IEBus {[Inter Equipment Bus] is used as In-vehicle bus support using half duplex asynchronous [Multi-Master] communication with CSMA/CD for access control. Two differential lines are used; Data+ / Data-. Two modes are defined: Mode 0 uses 16 bytes/frame and runs at 3.9kbps or 4.1kbps. Mode 1 uses 32 bytes/frame and runs at 17kbps [6MHz Osc.] or 18kbps [6.29MHz Osc.]. The IEbus allows 50 units on the bus over a maximum length of 50 meters. The cable capacitance is rated to have 8000pF max [6MHz] or 7100pF max [6.29MHz]. The bus is terminated to 120 ohms at each end. Series protection resistors of 180 ohms are also used. The IEBus was developed by NEC Electronics.}

iLink { is Sony's name for FireWire, i.Link is based on IEEE-1394 using conventional metallic conductors.}

Industrial Board Formats {Links and Board sizes}

Industrial PCI Express {[IPCI-E], PICMG 1.3 adds PCI Express to the PCI-ISA Passive Backplane Specification.}

InfiniBand bus (Using Bi-direction differential LVDS wire pairs, over fiber or copper cable. InfiniBand Description, IC Links)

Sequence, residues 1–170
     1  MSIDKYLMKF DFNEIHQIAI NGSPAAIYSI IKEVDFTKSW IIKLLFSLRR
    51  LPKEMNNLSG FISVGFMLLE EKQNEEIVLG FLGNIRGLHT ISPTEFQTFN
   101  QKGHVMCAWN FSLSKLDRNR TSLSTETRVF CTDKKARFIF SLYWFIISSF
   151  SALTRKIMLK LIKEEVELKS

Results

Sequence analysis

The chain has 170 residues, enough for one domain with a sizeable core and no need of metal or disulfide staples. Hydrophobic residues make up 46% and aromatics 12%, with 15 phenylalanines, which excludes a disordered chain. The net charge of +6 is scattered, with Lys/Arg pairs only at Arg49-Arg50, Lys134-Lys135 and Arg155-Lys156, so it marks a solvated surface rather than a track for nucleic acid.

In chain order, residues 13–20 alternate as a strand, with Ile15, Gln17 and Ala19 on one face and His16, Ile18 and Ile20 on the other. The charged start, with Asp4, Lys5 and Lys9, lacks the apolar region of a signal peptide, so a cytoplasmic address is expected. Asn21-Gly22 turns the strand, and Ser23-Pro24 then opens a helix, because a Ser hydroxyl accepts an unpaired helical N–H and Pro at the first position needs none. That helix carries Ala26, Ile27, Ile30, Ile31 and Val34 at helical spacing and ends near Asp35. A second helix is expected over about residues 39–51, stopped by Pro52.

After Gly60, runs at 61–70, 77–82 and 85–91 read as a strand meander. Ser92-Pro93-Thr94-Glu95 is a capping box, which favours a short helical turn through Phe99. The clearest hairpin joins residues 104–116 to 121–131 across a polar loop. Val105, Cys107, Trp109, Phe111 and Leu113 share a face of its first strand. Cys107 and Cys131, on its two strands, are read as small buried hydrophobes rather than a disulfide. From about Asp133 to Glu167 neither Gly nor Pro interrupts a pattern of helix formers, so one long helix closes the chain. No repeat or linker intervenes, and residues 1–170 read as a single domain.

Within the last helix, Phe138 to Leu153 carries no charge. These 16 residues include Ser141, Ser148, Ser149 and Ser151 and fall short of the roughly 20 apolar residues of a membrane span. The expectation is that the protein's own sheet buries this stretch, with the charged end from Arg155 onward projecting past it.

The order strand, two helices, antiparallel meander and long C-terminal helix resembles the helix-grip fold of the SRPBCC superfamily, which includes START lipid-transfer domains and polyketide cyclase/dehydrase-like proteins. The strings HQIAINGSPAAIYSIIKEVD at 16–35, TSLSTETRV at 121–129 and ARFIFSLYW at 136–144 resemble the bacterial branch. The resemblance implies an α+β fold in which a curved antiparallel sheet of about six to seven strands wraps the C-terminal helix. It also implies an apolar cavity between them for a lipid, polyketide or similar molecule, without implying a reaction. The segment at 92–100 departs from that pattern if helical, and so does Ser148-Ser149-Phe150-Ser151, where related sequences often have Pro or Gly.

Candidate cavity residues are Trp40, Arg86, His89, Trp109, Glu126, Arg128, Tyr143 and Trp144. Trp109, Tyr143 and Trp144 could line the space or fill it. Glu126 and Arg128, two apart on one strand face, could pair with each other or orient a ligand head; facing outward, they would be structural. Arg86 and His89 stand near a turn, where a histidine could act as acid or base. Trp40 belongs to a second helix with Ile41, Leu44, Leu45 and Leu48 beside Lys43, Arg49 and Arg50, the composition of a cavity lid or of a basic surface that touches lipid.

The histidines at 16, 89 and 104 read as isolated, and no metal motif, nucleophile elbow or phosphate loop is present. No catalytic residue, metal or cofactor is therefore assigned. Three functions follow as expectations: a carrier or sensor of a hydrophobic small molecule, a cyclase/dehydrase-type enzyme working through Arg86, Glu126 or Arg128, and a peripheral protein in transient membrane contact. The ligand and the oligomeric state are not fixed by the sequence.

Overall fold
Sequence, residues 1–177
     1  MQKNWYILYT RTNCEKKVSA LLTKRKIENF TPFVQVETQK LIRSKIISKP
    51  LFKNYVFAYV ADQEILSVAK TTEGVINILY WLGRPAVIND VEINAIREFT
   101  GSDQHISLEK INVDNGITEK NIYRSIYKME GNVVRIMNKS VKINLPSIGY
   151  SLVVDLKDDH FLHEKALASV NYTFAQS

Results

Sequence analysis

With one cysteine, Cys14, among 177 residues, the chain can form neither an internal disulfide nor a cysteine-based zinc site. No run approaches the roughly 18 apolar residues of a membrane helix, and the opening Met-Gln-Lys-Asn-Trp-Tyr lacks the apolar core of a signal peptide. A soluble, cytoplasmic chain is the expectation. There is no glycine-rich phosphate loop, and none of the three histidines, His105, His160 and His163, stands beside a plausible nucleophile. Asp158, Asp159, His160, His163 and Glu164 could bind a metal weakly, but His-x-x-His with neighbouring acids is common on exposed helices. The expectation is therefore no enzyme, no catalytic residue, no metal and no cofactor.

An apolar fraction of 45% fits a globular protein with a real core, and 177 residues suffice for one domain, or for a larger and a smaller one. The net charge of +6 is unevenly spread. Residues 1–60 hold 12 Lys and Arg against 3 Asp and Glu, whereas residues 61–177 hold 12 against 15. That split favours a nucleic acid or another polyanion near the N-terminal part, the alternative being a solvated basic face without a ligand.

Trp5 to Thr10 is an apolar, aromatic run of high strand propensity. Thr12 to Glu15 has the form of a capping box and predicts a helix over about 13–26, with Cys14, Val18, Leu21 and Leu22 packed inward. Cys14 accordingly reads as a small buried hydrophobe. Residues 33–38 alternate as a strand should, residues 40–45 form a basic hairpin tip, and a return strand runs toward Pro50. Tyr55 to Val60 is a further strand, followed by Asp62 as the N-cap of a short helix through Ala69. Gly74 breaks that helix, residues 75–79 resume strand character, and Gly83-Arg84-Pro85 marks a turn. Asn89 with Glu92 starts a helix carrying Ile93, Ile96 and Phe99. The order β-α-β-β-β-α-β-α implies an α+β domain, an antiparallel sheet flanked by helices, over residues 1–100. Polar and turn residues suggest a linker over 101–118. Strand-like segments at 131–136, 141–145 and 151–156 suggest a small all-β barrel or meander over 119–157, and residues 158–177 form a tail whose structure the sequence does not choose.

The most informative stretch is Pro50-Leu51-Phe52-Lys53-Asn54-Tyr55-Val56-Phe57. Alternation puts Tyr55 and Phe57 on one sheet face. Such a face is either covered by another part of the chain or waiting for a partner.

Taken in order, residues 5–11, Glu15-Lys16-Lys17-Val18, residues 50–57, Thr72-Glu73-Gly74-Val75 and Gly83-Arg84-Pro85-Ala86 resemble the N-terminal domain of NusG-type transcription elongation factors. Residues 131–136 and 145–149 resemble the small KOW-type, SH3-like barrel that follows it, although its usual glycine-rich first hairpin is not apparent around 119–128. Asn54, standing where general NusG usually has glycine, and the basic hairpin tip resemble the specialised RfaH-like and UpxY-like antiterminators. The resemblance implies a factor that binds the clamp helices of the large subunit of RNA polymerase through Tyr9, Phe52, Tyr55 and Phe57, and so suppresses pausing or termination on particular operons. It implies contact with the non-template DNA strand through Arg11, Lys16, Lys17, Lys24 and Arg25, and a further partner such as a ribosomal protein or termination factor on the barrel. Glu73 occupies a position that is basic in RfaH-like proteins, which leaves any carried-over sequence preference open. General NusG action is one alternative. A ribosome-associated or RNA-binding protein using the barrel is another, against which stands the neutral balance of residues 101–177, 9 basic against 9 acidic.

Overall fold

IP / SoC Core Buses {Intellectual Property [IP] or System-On-Chip [SoC] Bus connects pre-designed modules [IP's] used in FPGAs, PLDs, or ASICs}

IRDA Bus {IRDA -Information-IC/Connector Links}

ISA/AT Bus {8MHz @ 8 and 16 bits data bus, 24 bit address bus, +/- 12 volts, +/- 5 volts, 15 Interrupt lines. The standard drive level is 24mA for all non-Open Collector signals on the bus. The AT card used the standard (edge) connector provided by the XT bus and added an additional (edge) connector behind that with the same pin-spacing @ 0.1 inch center-to-center. The additional connector has only 38 (19 per side) fingers, while the XT connector had 62 (32 per side) fingers. The Mother Board could then accept either an 8 or 16 bit card in an 8 bit slot (XT), or (if the connector was provided) a 16 bit card in an AT slot. The additional connector provided 4 additional address lines , and 8 additional data lines. The PCI bus has replaced much of the PCAT market}